Featured image for article "What does the future hold for gas engineers?' shows gas engineer kneeling in front of a gas fire carrying out maintenance

Given the emergence of heat pumps and even more recently the newfound potential for hydrogen boilers, it’s only natural to have questions regarding the longevity of gas appliances, and to wonder whether it’s still worth pursuing a career within the industry.

Despite the demand for new, more sustainable energy sources seeing a necessary increase in recent years, 86% of UK homes actually still use gas as the fuel for their central heating systems. That figure alone signals that the skills of qualified gas engineers are still very much required, and will be for the foreseeable.

But how does the shifting landscape affect the future of the industry, those currently working within it and those debating entering it? Below we take a look at the new technologies and why qualified gas engineers still hold a vital place moving forward.

Heat pumps

Heat Pumps have become more commonplace in the UK and are likely next in line to replace gas boilers. However, generally speaking, at the minute they’re only a realistic solution in new-build homes. 

The new alternative forms a major part of government construction plans, which aim to install 600,000 heat pumps per year by 2028—though the sheer cost of this new technology means it won’t be taking over gas anytime in the immediate future. A report from the Committee on Climate Change says it would cost £26,300 to install low-carbon heating in an existing house, significantly more than in a new home, which would cost £4,800. 

Hydrogen boilers

Hydrogen boilers are similar to traditional boilers in terms of setup and operation, which is why many believe they could be the ideal long-term solution to decarbonising our homes. The only by-product when burning hydrogen is water, making them a much cleaner method of generating heat.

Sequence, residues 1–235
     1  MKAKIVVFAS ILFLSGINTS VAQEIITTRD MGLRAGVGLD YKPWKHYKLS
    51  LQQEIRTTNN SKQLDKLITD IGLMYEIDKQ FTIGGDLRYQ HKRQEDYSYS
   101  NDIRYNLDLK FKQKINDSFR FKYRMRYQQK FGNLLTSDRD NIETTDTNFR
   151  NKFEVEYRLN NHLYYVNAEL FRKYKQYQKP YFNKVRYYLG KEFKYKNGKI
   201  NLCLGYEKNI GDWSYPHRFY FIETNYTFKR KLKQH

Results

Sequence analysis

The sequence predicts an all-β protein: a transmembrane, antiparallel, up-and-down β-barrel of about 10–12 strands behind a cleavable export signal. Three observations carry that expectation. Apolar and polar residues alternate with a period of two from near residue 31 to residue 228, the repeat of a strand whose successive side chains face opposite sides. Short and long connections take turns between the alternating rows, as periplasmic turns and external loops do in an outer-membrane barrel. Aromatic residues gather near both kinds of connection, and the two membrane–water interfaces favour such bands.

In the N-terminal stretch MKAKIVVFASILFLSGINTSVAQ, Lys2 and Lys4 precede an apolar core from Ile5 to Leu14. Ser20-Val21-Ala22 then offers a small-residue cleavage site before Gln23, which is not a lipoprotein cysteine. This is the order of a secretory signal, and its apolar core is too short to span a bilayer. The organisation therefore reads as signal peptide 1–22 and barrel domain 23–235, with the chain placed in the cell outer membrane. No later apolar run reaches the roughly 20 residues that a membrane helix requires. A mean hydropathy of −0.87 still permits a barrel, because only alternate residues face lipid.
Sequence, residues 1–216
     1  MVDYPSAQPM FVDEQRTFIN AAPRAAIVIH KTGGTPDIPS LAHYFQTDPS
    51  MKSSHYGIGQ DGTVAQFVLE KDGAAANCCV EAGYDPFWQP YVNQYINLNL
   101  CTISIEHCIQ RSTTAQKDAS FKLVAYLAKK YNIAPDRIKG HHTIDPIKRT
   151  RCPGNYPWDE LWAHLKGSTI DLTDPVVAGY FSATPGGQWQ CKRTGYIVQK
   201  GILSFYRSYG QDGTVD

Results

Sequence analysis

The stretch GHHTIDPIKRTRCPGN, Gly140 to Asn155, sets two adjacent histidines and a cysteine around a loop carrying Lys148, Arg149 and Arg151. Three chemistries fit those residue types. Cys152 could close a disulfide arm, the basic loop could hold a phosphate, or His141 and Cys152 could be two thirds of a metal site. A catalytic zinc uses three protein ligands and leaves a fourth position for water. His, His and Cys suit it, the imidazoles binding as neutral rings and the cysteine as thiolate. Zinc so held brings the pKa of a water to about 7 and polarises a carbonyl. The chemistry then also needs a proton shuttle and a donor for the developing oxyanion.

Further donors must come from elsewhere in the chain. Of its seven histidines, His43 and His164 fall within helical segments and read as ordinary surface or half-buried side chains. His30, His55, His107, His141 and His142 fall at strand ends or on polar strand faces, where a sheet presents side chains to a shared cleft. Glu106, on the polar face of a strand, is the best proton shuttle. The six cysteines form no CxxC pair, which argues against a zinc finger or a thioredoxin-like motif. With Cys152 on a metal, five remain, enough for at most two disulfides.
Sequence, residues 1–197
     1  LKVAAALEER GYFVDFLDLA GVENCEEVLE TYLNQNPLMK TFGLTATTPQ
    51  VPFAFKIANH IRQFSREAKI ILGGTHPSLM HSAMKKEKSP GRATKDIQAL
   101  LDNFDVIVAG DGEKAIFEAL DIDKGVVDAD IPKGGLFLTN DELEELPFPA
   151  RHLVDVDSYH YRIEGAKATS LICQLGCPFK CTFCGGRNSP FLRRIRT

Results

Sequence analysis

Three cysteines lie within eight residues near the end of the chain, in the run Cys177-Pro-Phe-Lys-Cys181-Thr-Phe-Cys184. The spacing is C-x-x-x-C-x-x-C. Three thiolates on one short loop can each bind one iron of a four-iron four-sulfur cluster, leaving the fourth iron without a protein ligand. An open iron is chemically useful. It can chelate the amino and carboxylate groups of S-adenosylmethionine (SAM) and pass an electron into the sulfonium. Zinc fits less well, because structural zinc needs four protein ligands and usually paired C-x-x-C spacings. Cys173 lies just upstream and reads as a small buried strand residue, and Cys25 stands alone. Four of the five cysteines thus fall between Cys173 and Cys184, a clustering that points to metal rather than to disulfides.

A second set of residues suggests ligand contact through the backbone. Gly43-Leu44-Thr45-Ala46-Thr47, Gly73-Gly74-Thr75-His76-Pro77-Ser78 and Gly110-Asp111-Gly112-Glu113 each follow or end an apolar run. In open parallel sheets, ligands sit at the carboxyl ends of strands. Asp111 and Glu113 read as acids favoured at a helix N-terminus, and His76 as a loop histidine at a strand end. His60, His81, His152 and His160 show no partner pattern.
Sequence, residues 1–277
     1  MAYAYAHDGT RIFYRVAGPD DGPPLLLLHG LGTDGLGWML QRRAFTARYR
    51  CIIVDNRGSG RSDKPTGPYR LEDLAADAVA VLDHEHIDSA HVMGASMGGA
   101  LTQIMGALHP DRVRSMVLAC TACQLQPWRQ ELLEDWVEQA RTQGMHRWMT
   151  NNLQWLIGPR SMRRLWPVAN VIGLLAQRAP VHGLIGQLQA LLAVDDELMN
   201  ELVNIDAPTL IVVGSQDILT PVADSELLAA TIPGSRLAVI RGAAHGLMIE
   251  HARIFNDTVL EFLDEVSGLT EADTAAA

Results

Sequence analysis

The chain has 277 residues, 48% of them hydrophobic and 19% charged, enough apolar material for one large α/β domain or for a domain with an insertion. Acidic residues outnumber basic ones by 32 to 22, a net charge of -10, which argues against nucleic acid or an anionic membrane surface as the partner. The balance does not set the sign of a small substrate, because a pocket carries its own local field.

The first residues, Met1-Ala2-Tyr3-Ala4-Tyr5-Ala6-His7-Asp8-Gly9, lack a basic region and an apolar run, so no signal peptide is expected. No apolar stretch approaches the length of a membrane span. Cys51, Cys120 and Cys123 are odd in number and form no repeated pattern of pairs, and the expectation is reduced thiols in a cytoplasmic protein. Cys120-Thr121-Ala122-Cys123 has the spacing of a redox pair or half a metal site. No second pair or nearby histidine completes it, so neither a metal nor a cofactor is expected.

However, again, it will be an incredibly long time before the UK adopts hydrogen boilers as a mainstream solution. While many manufacturers have begun developing ‘hydrogen ready’ boilers, there are no concrete plans to introduce hydrogen gas supplies, and a firm government decision on when there will be isn’t expected until 2026.

The future is bright for gas engineers

Headlines about gas boilers being banned in homes from 2025 can be a little daunting for anyone connected to the industry. However, this new legislation only applies to new-build properties and not to existing homes and boilers. In fact, the sale of gas boilers is expected to be permitted until 2035, with that benchmark already rumoured to be being pushed back a further five years due to concerns over the cost of switching.

There are still an estimated 22 million gas-fueled boilers across the UK, meaning it’ll be decades before we see any major shifts in the current industry model and day-to-day tasks for typical gas engineers. Beyond that, once things do finally begin to change, it’ll be those with an in-depth understanding of gas that will be called upon to help the nation make the transition.

Whether this be decommissioning the current gas systems, or installing the new technologies, the future for qualified gas engineers, if anything, is more exciting and potentially lucrative than ever before as the UK moves towards a brand new phase of environmentally-conscious solutions. 

If you’re debating a career in gas engineering and need any guidance in what training course is right for you, we’d love to chat. Give us a call on 01322 280 202, request a brochure or visit our training centre for a chat.